Hurst pointed to a shooting at a school elsewhere after it had expressed a need for mental health counselors, and also referenced Sessions’ statement that this was the third time the council had received this request from the school board.

“So, it’s a dire need, it’s a great proposal, it’s Lynnwood-centric, it fits with everything we’ve talked about here,” Hurst said. “For me, it was important to bring this forward again because it’s a need that’s not going away.” 

Council Vice President Julieta Altamirano-Crosby chided the district for removing one family engagement officer position and modifying assignments of the rest. She stated that other cultures don’t speak about mental health, so having these officers communicate with families about the issue is crucial. She urged the board to reconsider the importance of those positions.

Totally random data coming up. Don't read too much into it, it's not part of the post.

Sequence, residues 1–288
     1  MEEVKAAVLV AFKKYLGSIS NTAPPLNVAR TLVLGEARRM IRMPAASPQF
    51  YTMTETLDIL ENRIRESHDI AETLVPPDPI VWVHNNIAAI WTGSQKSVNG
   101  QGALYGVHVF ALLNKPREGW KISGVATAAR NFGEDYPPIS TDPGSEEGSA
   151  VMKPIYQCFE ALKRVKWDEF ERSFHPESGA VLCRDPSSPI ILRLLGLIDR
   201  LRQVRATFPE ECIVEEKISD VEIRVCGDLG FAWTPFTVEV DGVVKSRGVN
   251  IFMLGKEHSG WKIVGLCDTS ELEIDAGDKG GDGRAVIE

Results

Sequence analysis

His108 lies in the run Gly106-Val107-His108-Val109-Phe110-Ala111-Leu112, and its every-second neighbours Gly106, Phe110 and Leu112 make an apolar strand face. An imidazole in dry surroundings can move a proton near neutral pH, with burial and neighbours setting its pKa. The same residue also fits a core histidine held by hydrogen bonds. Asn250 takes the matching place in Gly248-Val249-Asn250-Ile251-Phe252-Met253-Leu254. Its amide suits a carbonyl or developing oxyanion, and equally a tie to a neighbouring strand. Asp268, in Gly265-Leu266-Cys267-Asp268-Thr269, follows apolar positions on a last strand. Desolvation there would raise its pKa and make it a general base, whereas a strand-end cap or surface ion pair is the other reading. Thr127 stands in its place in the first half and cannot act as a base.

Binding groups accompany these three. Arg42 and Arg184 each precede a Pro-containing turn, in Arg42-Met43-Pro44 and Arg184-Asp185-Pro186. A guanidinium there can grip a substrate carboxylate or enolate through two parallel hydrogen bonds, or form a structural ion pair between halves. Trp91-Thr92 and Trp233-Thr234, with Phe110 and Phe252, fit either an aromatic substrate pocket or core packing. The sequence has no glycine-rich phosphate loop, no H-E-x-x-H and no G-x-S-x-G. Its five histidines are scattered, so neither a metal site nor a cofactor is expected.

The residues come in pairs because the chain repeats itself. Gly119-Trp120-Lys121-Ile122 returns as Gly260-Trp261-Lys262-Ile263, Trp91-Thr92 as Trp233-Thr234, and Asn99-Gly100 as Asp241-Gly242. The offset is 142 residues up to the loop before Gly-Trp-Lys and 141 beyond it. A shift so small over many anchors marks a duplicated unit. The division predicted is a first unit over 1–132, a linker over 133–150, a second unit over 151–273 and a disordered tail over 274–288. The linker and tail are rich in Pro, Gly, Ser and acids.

Councilmembers Decker and Jim Smith openly opposed the request.

Councilmember Patrick Decker refused to support the proposal speaking about his personal experiences benefitting from performing arts.

“The residents of Lynnwood, the communities, Mountlake Terrace, Edmonds are outraged. Edmonds School District is cutting music and art and yet they come here and want to increase staff,” Decker said. After reading testimony from protesters contained in a news article, Decker stated that he would not approve using city ARPA funds to hire new people while there were cuts in music and arts programs.